An ordinance approved this week by the Lansing City Council is designed to ramp up local enforcement of state health orders on face masks, social distancing and capacity restrictions.
The City Council voted Monday to formally codify misdemeanor charges for those in Lansing who are caught willfully violating public health orders handed down by state officials and the Ingham County Health Department, including those wrapped into the latest lockdown orders.
Under the new ordinance, willful violations of state and county pandemic orders are punishable by ticketed civil infractions — as well as by existing misdemeanor charges — that could rack up fines as high as $500 for each subsequent violation after a warning is issued.
The change doesn’t change much operationally, officials said. Instead, it simply allows local police officers to exercise more flexibility on virus-related enforcement of orders that require face masks in indoor spaces, limit household gatherings and are keeping dining rooms closed.
Council President Peter Spadafore explained that codifying those broad regulations into the City Code enables local officers to pursue civil infractions handled by the city attorney, rather than only seek related misdemeanor charges through the Ingham County Prosecutor’s Office.
Without the ordinance in place, the Lansing Police Department hasn’t been able to issue a single ticket related to the pandemic since it arrived in Michigan. A spokesman said 13 reports were sent to the county prosecutor, but none have resulted in criminal charges. Still, even after the recent change, cops will continue to respond to calls with a foremost focus on education.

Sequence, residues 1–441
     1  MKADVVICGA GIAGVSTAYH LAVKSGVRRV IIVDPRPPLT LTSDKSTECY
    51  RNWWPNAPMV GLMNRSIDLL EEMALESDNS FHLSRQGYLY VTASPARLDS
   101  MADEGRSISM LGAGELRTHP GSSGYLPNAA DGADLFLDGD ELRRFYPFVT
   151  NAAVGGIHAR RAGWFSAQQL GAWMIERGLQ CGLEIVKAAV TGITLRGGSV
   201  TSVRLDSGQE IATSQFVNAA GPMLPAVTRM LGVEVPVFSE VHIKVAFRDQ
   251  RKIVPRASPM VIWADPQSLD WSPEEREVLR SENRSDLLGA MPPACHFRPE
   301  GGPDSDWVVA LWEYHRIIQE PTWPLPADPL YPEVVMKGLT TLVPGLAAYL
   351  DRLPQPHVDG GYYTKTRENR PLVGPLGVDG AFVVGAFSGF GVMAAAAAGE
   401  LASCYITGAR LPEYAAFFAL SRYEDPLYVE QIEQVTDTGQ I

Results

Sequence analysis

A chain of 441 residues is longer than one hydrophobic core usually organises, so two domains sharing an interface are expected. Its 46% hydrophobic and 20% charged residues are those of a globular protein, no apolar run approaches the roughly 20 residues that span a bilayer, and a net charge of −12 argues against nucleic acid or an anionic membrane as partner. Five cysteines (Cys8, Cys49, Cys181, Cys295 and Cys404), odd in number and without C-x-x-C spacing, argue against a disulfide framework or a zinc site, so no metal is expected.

City Attorney Jim Smiertka said local cops will also soon be trained on enforcement procedures under the new ordinance, as well as under what circumstances in which tickets can be issued.
Meanwhile, the Michigan Department of Health and Human Services issued citations and the Liquor Control Commission suspended liquor licenses to several businesses that flouted public health orders issued last month, including those that limited gatherings and indoor food service.
Several businesses in Fremont, Newaygo and Fenton were named this week for allegedly allowing non-residential gatherings, providing in-person dining and failing to require face masks.
In related news …
Ingham County Health Officer Linda Vail sent a letter Monday to remind state Senate leaders to follow COVID-19 protocols when they hold hearings at the Capitol, reported the Detroit Free Press. In the letter, Vail reportedly warned that she has received multiple reports of safety violations — like a failure to wear face masks — during Senate hearings. Vail said she sent the letter more as a courtesy than a threat. The State Capitol is beyond her purview as a county health officer, though state regulations still guide best practices for employers statewide. Vail also told reporters Tuesday that she hadn’t yet received a response.
MIRS News reports that vaccines for COVID-19 are expected to become widely available in Michigan by April or May. Health-care workers and nursing home rwsidents should get the first doses, an advisory panel to the Centers for Disease Control recommended Tuesday.
City leaders from across the country called for state legislative action during what is known as the “lame duck” period before Jan. 1 in which they could pass measures that would help prevent cuts to vital city services without requiring a state handout, reports the Detroit Free Press.
Whitmer asked lawmakers for a $100 million state relief plan last week. Attorney General Dana Nessel has also since joined a bipartisan coalition of attorneys general representing 43 states this week urging federal lawmakers to extend the federal CARES Act until the end of 2021.
Sen. Curtis Hertel Jr., D-East Lansing, is looking for nominations of “frontline heroes” to be publicly recognized and thanked with a $100 gift card to a local restaurant. Highlights will be featured twice weekly though Dec. 31 on Hertel’s Facebook page and his online newsletter. To nominate a local frontline hero, send an email with details to firstname.lastname@example.org.